The Hand Spinner’s Responsibility

Have you ever noticed how most American hand spinners are not outspoken advocates of the American sheep industry?

We love working with wool but we don’t support the wool industry in our own country.

Many American flockmasters are struggling to keep their sheep, especially since last summer’s drought.  The special care required to keep a spinning flock producing top quality fleece can add up in dollars, sometimes costing more to care for the sheep than the price of the fleece.  Since summer, the cost of feed has fluctuated, making it difficult for flockmasters to project their spending.  As a result, some farmers have had to sell their sheep as market lambs, their fine fleeces of little value when times are tough.

With the Internet, it’s easy to buy wool from overseas, but great wool is being produced right here at affordable prices.  We don’t have to send away to Canada or Australia to discover the world of sheep.

Many American flockmasters are working to preserve rare breeds or different breeds, a treat for any hand spinner who knows sheep and wants to work with great fiber.  These fibers are not hard to come by: you can find them at festivals around the country or over the Internet.  I buy my fleeces direct from sheep farmers because I value what they do and I don’t want a middleman to get money that could go directly back to the farm. Wary of buying a fleece you haven’t seen or inspected yourself?  Most producers are happy to send a sample.

I’ve spun Coopworth, Romney, Corriedale, Jacob and East Fresian-Polypay Cross.  Each fleece taught me more about spinning long wools.  And I’ll tell you this: once you connect directly with the flockmaster who cared for the sheep you’re spinning, you learn so much about your place in the production chain and how much we owe the people who tend these animals.

As I happily spin up my fleeces, I’m reminded that I’m lucky to have them at all this year.  Whenever I see cheap lamb for sale from Australia or a hand spinner who’s willing to get a Merino fleece from New Zealand, I think of all the struggling American flockmasters I’ve met.  There’s not a one who wanted  to sell a sheep due to hard times.  It’s tough out there and American hand spinners have a duty to support the industry that supports them.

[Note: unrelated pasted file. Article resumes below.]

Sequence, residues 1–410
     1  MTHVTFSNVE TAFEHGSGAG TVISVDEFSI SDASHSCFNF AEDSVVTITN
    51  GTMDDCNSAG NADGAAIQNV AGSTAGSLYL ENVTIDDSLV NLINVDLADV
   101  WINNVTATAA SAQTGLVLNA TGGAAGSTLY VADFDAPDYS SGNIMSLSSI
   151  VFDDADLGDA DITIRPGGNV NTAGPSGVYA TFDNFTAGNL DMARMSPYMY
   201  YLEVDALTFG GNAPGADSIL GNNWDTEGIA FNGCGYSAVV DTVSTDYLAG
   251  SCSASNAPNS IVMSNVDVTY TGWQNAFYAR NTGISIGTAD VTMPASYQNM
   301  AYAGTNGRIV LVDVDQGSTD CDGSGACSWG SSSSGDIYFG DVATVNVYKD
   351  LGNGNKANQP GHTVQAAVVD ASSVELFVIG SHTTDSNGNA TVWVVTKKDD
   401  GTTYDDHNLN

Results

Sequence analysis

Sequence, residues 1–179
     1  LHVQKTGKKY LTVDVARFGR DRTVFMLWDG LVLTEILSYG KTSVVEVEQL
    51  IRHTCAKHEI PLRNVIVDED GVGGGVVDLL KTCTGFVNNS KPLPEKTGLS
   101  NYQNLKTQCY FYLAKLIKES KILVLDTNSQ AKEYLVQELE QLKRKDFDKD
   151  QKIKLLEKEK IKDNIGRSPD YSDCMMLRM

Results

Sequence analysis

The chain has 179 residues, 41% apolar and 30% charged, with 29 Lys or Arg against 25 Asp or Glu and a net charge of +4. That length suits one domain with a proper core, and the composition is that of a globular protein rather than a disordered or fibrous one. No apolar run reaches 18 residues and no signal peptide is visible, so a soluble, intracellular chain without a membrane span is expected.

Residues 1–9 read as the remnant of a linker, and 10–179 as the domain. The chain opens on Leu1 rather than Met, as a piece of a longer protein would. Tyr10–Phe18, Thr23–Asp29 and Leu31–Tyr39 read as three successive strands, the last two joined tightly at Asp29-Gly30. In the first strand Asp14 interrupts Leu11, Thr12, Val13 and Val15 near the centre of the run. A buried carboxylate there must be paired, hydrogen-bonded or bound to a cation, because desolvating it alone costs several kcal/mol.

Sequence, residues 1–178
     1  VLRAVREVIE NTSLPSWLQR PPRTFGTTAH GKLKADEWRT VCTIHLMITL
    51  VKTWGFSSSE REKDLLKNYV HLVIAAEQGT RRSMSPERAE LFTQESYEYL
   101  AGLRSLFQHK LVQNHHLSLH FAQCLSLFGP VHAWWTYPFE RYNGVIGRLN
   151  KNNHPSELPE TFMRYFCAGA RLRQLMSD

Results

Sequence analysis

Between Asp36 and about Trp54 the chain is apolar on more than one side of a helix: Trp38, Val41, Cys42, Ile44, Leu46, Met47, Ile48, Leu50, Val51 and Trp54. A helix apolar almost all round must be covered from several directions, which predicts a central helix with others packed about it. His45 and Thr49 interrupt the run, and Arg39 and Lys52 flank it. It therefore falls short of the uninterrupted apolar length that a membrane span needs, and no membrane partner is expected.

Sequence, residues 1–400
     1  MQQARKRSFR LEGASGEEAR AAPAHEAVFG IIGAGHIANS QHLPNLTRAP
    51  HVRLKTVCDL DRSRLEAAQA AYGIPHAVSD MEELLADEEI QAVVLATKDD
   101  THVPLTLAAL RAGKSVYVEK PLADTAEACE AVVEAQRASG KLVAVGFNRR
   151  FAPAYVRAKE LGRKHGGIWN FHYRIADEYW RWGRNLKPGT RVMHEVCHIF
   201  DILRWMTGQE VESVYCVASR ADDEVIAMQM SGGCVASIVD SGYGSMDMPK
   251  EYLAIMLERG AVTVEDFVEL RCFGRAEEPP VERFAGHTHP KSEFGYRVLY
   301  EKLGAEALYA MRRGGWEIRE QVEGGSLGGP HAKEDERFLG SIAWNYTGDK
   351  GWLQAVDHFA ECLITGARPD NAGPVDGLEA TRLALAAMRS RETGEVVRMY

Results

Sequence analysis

If you want to learn more about the American sheep industry, read Sheep!.

3 thoughts on “The Hand Spinner’s Responsibility

  1. I’m English. I’ve never really thought about it as you have portrayed it. It is always good to support your own country but, as you say, the Internet has opened up the whole world and now we can sit behind our computers and buy from wherever we like.
    When I’ve been in America, I’ve never really seen any sheep. Perhaps where I go (Tennessee) it’s too hot for them, poor things but there are many places where it is colder and more like our climate.

    1. As recently as a few years ago, the American sheep industry noted fewer numbers of sheep than in recent years. I don’t have numbers for this year. The American Sheep Industry Association notes that in 2012 Tennessee ranked 30th in number of sheep, so it doesn’t surprise me that you didn’t noticed them. They also explain that the large sheep productions tend to be west of the Mississippi.

      Your point about the freedom we gain as consumers through the Internet is well taken. But why buy internationally when you can get the same product of equal or better value locally. As an urbanite, I was surprised to find so many sheep producers within driving distance or at local fiber fairs. From a global vantage point, we were practically neighbors.

      1. That’s interesting. I have lived in Tennessee. When I first went there I was amazed at how hot it was. That heat would be excruciating for sheep with their thick woolly fleeces. I can hardly stand it myself and then only for a few minutes at a time. I did miss the sheep though. Here in Wales (next to England) there are sheep everywhere, dotted on the hillsides. The worst thing for the sheep over here is the wet damp weather.

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